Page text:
Figure 1. DMSP-OLS detection of power outages the night of January 1, 2005 for the northern tip of Sumatra.
Color composite image generated using the percent frequency of cloud-free light detection in 2003 as red, the visible band data from January 1, 2005 as green, and the corresponding thermal band data from January 1 as blue. Areas having heavy cloud cover were masked as black. Areas with power outage on January 1 show up as red. Areas with power present show up as white to yellow.
During the past 100 years electric power has become the principal source of nocturnal lighting on roadways, commercial zones, industrial sites, and residential areas. Typically electric production is centralized and the power is transmitted using a network of power lines and distribution wiring. Because many of the power lines and wires are above ground, they a susceptible to damage, especially during severe weather events, such as hurricanes, typhoons, thunderstorms and in some instances snow or ice storms. Less frequent events, such as earthquakes, can also produce electric power outages, either directly or by earthquake generated tsunamis. Another class of electric power outages, termed brownouts, result from an insufficient capacity to generate electric power. In this case, the electric power supply becomes intermittent.
Reporting on power outages is typically limited to eyewitness reports of individuals within the outage area. Because many types of communication (radio, television, telephone, facsimile) are also impacted by power outages, information on the extent of power outages during a disaster may be very incomplete. Having an observational basis for delineating the extent of power outages could provide valuable information to guide relief, repair and cleanup efforts.
We propose to make use of satellite observed nighttime lights to operationally detect power outages. Initially we will use nighttime satellite data from the Defense Meteorological Satellite Program (DMSP) Operational Linescan System (OLS). Later we anticipate making use of nighttime lights data from the Visible Infrared Imaging Radiometer Suite (VIIRS), scheduled to fly on NASA's NPP satellite in 2007.
The Defense Meteorological Satellite Program maintains a constellation of two satellites in sun-synchronous, near-polar orbit at altitudes of approximately 833 km, an inclination of 98.8 degrees, and an orbital period of 102 minutes. One satellite is in a dawn - dusk orbit, the second in a day - night orbit. The DMSP platforms are three axis stabilized, with roll, pitch, and yaw variations kept to within +/- 0.01 degrees. The NOAA National Geophysical Data Center (NGDC) serves as DoD's archive of data for the DMSP sensors. The U.S. Air Force Global Weather Central sends DMSP data to NGDC using a high speed data line. The DMSP archive was established in March of 1992, and began receiving data on a daily basis in September of 1992 and has operated continuously since that time. At NGDC the DMSP data are decompressed, deinterleaved into separate orbit length files for each sensor.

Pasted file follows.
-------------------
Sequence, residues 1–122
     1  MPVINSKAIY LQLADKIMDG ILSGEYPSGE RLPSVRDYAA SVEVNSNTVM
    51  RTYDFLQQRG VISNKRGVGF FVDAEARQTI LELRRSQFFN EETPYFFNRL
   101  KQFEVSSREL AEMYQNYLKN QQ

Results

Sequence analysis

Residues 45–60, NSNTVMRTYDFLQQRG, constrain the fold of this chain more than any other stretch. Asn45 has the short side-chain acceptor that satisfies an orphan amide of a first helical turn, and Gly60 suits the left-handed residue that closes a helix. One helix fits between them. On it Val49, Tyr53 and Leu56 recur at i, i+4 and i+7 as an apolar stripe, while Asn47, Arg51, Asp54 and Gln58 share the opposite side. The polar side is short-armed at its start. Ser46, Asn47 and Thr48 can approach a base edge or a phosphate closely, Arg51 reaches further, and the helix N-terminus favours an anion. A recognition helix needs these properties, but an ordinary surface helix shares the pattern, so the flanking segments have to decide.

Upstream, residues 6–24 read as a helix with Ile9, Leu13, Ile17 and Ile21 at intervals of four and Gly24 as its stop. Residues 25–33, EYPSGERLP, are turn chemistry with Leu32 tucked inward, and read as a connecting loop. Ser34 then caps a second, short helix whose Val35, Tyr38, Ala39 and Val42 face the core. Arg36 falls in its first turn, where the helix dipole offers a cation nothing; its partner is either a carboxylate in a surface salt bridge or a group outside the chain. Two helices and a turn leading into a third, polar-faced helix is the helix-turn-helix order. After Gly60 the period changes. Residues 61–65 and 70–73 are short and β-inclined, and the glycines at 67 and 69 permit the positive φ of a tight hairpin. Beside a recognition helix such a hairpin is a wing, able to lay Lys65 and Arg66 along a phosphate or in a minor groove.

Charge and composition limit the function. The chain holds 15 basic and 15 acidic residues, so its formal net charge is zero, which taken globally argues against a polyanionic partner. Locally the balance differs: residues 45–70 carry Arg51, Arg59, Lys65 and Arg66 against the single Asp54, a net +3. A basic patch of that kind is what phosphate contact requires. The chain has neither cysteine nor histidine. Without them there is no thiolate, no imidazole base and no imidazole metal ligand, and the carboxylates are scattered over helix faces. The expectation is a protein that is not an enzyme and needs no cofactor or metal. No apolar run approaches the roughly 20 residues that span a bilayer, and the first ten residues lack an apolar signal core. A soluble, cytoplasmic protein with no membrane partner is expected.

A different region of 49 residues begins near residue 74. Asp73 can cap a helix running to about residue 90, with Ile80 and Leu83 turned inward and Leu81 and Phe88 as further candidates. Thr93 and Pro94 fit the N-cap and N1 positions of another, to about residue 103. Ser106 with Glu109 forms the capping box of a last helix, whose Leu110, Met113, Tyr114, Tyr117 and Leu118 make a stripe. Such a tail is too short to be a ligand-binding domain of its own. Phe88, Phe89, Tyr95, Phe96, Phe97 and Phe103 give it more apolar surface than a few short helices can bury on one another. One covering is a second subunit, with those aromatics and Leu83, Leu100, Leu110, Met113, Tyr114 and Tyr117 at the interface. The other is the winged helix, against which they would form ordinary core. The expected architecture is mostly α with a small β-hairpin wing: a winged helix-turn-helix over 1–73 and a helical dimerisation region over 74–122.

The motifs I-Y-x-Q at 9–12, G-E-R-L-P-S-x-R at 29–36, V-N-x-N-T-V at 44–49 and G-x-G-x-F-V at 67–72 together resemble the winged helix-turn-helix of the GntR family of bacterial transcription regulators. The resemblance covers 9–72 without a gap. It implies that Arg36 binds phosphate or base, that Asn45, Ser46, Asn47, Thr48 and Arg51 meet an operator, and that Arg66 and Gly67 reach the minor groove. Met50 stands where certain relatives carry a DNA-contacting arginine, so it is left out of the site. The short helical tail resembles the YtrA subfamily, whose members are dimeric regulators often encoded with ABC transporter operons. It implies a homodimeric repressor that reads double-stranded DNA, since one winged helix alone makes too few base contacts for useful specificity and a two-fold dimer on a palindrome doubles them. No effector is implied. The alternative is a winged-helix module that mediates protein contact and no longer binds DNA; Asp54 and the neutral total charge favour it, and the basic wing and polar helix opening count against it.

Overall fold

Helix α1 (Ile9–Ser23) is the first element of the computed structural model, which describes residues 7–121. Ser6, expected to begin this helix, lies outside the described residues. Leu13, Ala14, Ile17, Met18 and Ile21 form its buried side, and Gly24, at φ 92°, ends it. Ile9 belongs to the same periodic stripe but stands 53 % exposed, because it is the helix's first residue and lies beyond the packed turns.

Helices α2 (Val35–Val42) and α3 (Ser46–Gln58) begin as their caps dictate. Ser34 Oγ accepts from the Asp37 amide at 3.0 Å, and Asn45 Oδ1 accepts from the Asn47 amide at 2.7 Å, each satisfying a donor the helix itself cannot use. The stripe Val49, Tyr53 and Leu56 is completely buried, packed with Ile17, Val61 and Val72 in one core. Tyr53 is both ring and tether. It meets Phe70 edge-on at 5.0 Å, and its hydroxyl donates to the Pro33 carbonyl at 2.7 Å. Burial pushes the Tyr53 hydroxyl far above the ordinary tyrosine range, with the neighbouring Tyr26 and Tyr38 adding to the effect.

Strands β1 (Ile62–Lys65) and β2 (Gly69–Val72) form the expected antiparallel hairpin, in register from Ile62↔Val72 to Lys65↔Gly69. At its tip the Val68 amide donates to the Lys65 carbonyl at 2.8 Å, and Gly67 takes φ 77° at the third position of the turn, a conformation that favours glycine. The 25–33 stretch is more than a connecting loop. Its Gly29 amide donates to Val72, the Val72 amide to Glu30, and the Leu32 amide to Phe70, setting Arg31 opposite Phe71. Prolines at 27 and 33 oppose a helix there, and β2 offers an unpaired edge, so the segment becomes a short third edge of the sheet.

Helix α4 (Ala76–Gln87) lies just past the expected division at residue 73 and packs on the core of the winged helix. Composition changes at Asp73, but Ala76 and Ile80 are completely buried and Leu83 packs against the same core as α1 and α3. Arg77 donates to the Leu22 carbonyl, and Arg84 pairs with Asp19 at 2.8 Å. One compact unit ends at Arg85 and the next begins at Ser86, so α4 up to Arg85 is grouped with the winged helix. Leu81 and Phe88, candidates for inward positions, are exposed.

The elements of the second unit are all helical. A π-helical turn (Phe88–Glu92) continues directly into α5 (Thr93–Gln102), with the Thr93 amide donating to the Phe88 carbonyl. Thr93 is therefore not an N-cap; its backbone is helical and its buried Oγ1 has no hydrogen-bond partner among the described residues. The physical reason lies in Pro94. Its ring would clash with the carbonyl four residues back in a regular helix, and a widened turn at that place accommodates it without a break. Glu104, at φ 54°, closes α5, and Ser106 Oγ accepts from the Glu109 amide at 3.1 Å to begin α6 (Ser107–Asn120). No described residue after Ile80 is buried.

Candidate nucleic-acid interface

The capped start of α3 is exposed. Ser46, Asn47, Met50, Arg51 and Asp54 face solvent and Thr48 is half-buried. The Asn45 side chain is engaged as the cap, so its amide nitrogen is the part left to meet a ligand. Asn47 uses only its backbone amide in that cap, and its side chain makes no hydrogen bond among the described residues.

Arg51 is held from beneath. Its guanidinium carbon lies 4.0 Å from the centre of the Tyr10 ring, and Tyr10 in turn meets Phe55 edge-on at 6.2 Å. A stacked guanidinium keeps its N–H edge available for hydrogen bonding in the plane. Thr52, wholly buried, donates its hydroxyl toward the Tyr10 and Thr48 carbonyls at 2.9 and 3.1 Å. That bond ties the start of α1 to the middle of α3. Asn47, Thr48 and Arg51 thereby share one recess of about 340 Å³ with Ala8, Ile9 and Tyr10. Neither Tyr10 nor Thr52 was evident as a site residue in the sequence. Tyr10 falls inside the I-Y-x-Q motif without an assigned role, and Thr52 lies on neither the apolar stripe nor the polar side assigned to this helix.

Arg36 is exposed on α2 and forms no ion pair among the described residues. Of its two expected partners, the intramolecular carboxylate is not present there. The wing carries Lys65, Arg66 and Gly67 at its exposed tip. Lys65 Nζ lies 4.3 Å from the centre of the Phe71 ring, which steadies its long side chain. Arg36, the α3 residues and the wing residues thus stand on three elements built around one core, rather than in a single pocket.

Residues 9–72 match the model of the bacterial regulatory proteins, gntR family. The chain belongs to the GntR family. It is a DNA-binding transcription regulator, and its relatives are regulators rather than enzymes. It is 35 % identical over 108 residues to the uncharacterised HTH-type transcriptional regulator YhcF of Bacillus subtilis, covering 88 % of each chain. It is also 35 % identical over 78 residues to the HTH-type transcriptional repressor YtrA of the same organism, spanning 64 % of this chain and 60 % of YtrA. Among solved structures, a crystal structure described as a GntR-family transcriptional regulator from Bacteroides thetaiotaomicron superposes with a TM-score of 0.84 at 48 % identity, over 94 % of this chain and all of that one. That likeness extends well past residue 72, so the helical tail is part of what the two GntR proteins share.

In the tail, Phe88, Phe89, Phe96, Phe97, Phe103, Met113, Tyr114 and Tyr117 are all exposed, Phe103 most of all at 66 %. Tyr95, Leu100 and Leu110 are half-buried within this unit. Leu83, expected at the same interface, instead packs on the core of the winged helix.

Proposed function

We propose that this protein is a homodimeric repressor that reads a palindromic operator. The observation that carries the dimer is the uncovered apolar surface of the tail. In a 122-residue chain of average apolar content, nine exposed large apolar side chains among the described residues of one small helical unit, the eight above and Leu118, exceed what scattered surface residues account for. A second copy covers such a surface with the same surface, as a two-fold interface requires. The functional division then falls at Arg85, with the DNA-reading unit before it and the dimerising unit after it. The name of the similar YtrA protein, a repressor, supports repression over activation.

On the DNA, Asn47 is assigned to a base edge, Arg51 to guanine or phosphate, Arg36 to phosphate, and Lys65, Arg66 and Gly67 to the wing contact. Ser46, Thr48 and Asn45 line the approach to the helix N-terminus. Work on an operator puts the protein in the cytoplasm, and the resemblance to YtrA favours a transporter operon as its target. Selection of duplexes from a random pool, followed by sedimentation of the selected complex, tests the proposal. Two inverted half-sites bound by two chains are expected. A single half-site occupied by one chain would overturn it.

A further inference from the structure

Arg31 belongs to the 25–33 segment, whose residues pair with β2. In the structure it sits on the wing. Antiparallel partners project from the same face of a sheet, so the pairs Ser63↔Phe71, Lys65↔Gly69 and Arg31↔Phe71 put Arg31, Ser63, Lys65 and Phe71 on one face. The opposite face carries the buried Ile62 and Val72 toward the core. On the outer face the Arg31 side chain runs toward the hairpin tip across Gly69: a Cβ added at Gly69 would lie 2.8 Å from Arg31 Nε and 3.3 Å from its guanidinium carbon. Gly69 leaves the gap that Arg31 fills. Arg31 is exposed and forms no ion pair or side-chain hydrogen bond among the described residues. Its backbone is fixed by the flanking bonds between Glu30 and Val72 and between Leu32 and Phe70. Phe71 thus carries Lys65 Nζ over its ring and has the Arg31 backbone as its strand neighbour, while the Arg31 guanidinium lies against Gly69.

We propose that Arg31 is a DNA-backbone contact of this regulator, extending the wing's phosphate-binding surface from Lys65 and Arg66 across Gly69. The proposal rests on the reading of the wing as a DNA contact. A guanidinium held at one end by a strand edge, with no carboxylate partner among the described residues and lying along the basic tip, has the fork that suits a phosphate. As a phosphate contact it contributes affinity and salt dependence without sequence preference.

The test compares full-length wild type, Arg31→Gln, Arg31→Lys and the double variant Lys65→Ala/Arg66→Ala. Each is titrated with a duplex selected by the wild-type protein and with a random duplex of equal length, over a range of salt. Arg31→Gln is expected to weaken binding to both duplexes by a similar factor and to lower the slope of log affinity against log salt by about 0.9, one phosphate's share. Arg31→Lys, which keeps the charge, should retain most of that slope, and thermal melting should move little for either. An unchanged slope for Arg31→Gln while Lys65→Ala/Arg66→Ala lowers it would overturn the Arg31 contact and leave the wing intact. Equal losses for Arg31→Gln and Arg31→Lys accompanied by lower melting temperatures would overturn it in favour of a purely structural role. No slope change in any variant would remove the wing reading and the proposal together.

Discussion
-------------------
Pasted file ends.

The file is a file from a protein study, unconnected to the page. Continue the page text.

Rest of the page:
The DMSP Operational Linescan System (OLS) is an oscillating scan radiometer designed for cloud imaging with two spectral bands (VIS and TIR) at 2.7 km pixel resolution and a swath of 3000 km. The VIS bandpass straddles the visible and near-infrared portion of the spectrum with a full-width-half-maximum (FWHM) of 0.58 - 0.91 um. The TIR band has a FWHM of 10.3 - 12.9 um. The wide swath widths provide for global coverage four times a day: dawn, day, dusk, night. The VIS band signal is intensified at night using a photomultiplier tube (PMT), making it possible to detect faint VNIR emission sources. The PMT system was implemented for the detection of clouds at night. With sunlight eliminated, the light intensification makes it possible to detect city lights, gas flares, and fires.
The potential use of nighttime OLS data for the observation of city lights and other VNIR emission sources was first noted in the 1970's by Croft. NGDC has produced several global inventories of the stable light sources which can be observed with the nighttime OLS data. The procedures involve the detection and geolocation of VNIR emission sources and clouds from a large number of nighttime OLS images and the use of image time series analysis to distinguish stable lights produced by cities, towns, and industrial facilities from ephemeral lights arising from fires and lightning. The time series approach is required in order to ensure that each land area has been covered with sufficient cloud free observations to determine the presence or absence of spatially stable VNIR emission. The stable lights datasets being produced by NGDC are gray scale images depicting the percent frequency of cloud-free light detection and average digital number for lights.
Once the stable lights data set has been derived, it is possible to overlay the lights from an individual orbit to detect new light sources (e.g. fires) or locations where lights are expected, but not observed (power outages). The OLS thermal band can be used to mask out areas with heavy cloud cover, where the detection of lighting is blocked. Typically the results are visually interpreted. Figure 1 shows an example of DMSP-OLS power outage detection from January 1, 2005 on the northern tip of Sumatra - an area devastated on December 26, 2004 tsunami.